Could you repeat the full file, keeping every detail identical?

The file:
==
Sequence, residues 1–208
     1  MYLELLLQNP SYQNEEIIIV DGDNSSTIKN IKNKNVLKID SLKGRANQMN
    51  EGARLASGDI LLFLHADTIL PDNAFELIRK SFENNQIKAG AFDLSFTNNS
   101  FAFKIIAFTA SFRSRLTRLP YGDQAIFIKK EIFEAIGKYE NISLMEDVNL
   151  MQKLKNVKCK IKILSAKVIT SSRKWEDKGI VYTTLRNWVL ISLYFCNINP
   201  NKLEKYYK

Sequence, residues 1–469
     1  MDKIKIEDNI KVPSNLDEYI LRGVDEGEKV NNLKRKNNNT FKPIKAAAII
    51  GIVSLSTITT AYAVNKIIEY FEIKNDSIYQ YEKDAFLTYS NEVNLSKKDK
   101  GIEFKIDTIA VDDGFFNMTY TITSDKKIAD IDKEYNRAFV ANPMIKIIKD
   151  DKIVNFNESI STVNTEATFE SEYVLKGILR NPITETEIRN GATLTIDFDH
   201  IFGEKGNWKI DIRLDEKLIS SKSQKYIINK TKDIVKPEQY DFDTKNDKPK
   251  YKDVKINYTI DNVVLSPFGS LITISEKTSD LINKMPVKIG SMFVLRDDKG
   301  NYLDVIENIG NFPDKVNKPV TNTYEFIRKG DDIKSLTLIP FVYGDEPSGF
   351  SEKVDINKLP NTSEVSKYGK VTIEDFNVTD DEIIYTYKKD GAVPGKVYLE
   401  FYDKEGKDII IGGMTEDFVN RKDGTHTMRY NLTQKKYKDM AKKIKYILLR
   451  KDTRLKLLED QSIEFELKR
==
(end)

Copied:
Sequence, residues 1–208
     1  MYLELLLQNP SYQNEEIIIV DGDNSSTIKN IKNKNVLKID SLKGRANQMN
    51  EGARLASGDI LLFLHADTIL PDNAFELIRK SFENNQIKAG AFDLSFTNNS
   101  FAFKIIAFTA SFRSRLTRLP YGDQAIFIKK EIFEAIGKYE NISLMEDVNL
   151  MQKLKNVKCK IKILSAKVIT SSRKWEDKGI VYTTLRNWVL ISLYFCNINP
   201  NKLEKYYK

Sequence, residues 1–469
     1  MDKIKIEDNI KVPSNLDEYI LRGVDEGEKV NNLKRKNNNT FKPIKAAAII
    51  GIVSLSTITT AYAVNKIIEY FEIKNDSIYQ YEKDAFLTYS NEVNLSKKDK
   101  GIEFKIDTIA VDDGFFNMTY TITSDKKIAD IDKEYNRAFV ANPMIKIIKD
   151  DKIVNFNESI STVNTEATFE SEYVLKGILR NPITETEIRN GATLTIDFDH
   201  IFGEKGNWKI DIRLDEKLIS SKSQKYIINK TKDIVKPEQY DFDTKNDKPK
   251  YKDVKINYTI DNVVLSPFGS LITISEKTSD LINKMPVKIG SMFVLRDDKG
   301  NYLDVIENIG NFPDKVNKPV TNTYEFIRKG DDIKSLTLIP FVYGDEPSGF
   351  SEKVDINKLP NTSEVSKYGK VTIEDFNVTD DEIIYTYKKD GAVPGKVYLE
   401  FYDKEGKDII IGGMTEDFVN RKDGTHTMRY NLTQKKYKDM AKKIKYILLR
   451  KDTRLKLLED QSIEFELKR